Pathways to Shipbuilding

Pathways to Shipbuilding

Irving Shipbuilding’s award-winning Pathways to Shipbuilding enables access to education, training and jobs for Women, Indigenous Peoples and Black Canadians. By providing groups which have been under-represented in shipbuilding with opportunities and employment, Pathways to Shipbuilding is strengthening the industry by attracting a more diverse and inclusive workforce.

Women

Women are essential in the workforce of Irving shipbuilding, working in all departments and at levels – from our most junior employees to VP level.

Indigenous Peoples

With support from local industry, schools, the Government of Nova Scotia and Indigenous organizations, Pathways to Shipbuilding has successfully graduated and employed Indigenous shipbuilders and provides ongoing opportunities for careers in the shipbuilding industry.

Black Canadians

Our program integrates education, industry, and community partnerships to develop a model that successfully creates pathways for Black Canadians to enter the shipbuilding industry. The result is that many Black Canadians have successfully graduated from Pathway to Shipbuilding – most with honours.

Womenin Trades

Women

Pathways to Shipbuilding works with the non-profit Women Unlimited to attract women to work in the shipbuilding industry. Pathways to Shipbuilding for Women classes have graduated, with many graduates now having earned their Red Seal designation working at Irving Shipbuilding.

As well, we work with the YWCA’s Shift Change project to change workplace culture norms that discourage women from building careers in trades.

Indigenous Irving

Indigenous Peoples

The success of our Pathways to Shipbuilding program has seen a steady rise in the entry of Indigenous peoples to the shipbuilding industry.



Pathways to Shipbuilding has trained Indigenous peoples in the in-demand skills of welding, metal fabrication and pipefitting. With the second class scheduled to graduate in 2023, Pathways to Shipbuilding has paved the way for our Indigenous Students to begin long and successful careers as Canada’s shipbuilders.

Black Irving

Black Canadians

Irving Shipbuilding has taken a leadership role in expanding diversity within the shipbuilding industry. One of our successful initiatives has been the Pathways to Shipbuilding program for Black Canadians, a group traditionally under-represented in the industry. The classes are culturally-sensitive, with the first program featuring Black teachers and bringing Afric-centric perspectives to the classroom.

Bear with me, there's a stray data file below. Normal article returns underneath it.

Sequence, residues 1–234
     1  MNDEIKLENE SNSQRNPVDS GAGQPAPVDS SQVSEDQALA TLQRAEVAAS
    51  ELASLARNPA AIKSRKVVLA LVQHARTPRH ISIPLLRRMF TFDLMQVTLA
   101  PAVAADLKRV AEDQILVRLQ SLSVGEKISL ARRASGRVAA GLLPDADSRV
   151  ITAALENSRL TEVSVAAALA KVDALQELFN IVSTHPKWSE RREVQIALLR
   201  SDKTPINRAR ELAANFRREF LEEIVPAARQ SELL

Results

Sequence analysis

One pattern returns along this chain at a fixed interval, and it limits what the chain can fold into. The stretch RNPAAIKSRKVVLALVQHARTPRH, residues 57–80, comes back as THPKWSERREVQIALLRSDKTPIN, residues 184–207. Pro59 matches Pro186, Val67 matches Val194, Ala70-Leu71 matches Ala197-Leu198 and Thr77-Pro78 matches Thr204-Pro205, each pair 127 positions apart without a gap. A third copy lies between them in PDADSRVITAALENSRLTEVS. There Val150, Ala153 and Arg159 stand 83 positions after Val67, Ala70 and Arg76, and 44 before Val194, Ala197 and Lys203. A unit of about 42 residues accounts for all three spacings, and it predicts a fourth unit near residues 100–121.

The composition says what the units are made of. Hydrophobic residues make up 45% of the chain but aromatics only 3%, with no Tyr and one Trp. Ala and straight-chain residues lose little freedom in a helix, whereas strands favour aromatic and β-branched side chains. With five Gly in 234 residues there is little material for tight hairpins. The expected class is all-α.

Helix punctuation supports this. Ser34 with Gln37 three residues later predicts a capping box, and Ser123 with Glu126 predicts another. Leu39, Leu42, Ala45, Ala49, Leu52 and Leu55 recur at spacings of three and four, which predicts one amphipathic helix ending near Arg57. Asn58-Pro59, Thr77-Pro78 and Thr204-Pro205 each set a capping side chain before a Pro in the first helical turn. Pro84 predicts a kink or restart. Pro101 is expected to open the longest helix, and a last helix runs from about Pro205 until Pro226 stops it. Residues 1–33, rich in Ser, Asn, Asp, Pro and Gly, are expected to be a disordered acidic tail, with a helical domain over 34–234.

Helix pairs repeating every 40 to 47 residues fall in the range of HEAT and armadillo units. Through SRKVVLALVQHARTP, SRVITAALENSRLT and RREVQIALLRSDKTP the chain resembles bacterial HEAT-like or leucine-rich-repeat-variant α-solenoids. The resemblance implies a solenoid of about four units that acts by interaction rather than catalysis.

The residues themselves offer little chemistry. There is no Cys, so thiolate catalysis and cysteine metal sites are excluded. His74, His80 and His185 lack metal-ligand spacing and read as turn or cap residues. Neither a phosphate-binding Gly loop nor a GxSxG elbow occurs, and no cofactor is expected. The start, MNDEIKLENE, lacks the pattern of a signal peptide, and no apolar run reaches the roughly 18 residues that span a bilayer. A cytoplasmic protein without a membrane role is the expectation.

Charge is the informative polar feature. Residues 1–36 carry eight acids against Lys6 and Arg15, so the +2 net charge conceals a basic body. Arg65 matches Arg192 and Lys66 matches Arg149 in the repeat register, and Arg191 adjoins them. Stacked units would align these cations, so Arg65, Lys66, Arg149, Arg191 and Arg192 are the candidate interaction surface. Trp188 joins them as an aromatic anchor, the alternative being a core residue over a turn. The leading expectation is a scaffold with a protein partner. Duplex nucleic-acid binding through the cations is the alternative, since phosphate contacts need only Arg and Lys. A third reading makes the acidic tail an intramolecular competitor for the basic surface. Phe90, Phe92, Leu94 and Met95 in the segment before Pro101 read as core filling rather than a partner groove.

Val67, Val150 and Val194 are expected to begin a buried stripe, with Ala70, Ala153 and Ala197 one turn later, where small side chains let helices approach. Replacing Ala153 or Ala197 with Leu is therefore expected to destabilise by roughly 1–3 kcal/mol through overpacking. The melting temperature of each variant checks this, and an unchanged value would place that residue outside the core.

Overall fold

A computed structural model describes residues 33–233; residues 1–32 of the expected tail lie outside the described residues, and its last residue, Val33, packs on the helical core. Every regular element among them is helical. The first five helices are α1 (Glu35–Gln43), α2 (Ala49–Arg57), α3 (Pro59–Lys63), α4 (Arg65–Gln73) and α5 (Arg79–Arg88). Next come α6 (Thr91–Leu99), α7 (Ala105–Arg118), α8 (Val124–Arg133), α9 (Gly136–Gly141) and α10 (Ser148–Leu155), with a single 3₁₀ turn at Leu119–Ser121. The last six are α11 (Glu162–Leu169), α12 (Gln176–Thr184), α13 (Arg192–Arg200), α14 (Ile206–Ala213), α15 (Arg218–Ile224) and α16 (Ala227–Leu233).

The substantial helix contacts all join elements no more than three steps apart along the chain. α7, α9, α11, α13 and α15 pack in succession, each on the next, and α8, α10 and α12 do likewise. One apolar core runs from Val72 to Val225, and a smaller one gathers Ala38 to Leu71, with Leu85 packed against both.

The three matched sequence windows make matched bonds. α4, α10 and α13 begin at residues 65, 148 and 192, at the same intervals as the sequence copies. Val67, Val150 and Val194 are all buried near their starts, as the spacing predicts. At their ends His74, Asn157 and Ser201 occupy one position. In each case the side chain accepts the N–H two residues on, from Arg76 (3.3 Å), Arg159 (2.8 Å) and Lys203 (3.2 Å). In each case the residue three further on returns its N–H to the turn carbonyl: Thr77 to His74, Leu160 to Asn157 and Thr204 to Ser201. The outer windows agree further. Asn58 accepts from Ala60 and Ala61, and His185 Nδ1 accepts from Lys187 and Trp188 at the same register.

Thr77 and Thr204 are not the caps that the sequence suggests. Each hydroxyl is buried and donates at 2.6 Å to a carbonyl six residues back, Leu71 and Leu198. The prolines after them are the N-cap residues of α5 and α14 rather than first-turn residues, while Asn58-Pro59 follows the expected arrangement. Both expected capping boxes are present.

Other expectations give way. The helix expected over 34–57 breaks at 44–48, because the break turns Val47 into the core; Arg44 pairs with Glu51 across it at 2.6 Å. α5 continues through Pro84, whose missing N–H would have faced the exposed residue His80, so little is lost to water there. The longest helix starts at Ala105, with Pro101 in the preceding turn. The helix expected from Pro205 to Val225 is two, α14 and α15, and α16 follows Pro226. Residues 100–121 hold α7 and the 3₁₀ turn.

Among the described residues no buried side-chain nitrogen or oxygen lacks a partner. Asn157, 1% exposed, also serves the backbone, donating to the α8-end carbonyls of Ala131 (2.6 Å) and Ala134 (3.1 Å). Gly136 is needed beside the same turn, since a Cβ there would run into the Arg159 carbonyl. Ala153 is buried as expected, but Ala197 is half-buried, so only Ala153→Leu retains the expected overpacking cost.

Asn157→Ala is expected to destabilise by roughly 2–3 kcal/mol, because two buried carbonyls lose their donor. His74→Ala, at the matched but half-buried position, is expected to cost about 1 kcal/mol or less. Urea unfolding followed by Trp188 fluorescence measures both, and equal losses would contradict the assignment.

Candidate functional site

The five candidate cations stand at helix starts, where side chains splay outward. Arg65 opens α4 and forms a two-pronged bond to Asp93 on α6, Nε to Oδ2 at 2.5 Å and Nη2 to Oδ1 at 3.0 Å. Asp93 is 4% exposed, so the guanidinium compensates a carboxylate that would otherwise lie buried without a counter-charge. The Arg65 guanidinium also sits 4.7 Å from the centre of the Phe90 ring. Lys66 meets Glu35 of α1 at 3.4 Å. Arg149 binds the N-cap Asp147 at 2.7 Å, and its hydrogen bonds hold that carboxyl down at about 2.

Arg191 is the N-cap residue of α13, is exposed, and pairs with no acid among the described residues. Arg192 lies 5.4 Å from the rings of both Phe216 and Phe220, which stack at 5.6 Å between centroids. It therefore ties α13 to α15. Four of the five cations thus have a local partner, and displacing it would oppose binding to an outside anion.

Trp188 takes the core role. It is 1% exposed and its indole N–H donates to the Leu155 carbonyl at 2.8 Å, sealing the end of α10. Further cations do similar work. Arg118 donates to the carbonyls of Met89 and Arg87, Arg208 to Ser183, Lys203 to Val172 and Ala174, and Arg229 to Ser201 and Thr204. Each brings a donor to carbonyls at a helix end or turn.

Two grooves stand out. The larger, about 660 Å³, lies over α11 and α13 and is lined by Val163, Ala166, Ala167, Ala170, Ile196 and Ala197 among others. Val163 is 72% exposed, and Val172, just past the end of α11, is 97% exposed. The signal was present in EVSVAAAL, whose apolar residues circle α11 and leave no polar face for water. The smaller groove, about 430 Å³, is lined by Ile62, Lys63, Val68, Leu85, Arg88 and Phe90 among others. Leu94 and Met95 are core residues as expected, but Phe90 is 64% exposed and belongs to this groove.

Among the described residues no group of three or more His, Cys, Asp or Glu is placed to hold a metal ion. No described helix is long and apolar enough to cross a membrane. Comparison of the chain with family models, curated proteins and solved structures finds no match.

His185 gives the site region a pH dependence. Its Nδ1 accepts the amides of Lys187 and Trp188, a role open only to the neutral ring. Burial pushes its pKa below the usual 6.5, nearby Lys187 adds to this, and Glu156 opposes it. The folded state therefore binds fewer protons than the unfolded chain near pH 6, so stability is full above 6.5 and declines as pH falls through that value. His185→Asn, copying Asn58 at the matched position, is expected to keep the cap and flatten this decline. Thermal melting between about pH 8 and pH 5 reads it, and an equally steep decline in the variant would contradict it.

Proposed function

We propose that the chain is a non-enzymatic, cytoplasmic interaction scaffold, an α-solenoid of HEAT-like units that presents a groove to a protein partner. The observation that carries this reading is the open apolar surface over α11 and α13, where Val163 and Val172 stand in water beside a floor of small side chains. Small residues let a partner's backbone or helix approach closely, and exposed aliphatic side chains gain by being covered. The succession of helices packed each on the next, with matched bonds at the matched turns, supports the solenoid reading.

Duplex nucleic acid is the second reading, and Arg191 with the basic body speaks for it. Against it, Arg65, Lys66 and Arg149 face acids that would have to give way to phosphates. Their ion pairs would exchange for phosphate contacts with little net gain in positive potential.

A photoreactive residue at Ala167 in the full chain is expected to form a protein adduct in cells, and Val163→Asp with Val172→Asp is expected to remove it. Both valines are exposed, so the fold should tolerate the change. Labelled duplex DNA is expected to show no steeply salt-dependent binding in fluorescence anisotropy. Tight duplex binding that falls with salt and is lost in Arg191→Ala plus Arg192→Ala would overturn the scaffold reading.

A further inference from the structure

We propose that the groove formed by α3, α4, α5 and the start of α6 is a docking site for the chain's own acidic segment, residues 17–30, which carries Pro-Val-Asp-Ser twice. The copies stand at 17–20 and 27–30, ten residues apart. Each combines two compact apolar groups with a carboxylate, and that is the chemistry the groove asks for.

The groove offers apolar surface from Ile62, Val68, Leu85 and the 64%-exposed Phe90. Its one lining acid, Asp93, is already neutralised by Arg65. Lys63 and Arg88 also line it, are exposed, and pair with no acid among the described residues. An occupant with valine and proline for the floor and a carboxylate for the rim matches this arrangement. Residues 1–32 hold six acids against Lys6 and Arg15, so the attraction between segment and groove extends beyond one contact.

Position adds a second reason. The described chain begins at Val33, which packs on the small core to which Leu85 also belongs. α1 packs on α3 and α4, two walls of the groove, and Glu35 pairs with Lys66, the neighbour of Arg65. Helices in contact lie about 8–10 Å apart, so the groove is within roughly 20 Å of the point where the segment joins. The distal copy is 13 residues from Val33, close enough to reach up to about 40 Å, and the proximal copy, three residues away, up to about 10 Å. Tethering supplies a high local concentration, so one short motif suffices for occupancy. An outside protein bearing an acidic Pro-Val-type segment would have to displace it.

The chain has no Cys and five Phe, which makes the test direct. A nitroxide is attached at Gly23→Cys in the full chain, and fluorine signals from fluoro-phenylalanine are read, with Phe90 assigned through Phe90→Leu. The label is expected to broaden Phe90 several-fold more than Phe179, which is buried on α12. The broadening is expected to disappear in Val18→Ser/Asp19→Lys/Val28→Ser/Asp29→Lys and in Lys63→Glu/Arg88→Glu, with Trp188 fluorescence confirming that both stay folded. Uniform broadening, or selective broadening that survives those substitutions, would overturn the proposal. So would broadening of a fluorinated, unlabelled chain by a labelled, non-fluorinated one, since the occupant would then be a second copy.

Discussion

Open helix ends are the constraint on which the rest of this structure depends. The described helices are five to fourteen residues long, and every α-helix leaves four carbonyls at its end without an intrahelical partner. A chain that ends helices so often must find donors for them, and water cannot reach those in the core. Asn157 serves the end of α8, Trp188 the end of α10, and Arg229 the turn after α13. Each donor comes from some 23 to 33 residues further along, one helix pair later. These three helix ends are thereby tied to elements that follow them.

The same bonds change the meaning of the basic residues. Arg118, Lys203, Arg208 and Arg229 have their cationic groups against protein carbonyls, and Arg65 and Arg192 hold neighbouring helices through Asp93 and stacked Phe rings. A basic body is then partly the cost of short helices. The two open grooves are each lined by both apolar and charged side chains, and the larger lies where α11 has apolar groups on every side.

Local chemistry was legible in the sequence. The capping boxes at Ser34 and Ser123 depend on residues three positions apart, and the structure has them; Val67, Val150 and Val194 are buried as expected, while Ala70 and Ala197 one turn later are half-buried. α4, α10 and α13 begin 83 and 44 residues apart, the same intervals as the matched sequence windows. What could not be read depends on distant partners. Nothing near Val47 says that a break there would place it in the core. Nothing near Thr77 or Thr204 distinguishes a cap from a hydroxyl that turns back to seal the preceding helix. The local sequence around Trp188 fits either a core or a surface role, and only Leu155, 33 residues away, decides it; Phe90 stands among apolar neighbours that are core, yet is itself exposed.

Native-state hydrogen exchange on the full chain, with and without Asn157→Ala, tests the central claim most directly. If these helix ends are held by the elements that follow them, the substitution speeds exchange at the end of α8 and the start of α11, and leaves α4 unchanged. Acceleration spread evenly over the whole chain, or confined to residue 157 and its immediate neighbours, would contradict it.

The first class of 20 Black trainees saw a 100% graduation rate, with 13 of the students graduating with honours. Many will now go on to work on ships such as the HMCS William Hall, named for the famed Black Nova Scotian sailor and shipbuilder, who in 1859 became the first Black person to receive the Victoria Cross, awarded for bravery in his service with the Royal Navy.

Awards Recognitions

Awards and Recognition

Irving Shipbuilding believes in the future of shipbuilding in Canada and is committed to nurturing it – it's why we maintain strong investment in the training and education of 21st century shipbuilders. Our ongoing Pathways to the Shipbuilding program, which provides and supports access to groups of people under-represented in shipbuilding, received the federal government’s 2019 Employment Equity Achievement Award for Outstanding Commitment to Employment Equity.



These training programs are ongoing and continue to receive accolades, such as the Nova Scotia Apprenticeship Award of Excellence. In addition to our skilled program graduates, our facility itself has been recognized as both a national historic site and for engineering excellence in the development of our new facility. At Irving Shipbuilding, we believe in achieving excellence in all we do.

Ruqaiyah Abdu-Allah
In May of my last year of high school, my mom asked me if I wanted to be a shipbuilder and told me about Pathways to Shipbuilding. At that point I didn’t even know what welding was. I had no idea what to expect, but it was awesome. All the students built such a strong bond and connection with each other and with our teachers, and I believe that’s what carried us through the program and let all of us succeed
Ruqaiyah Abdu-Allah

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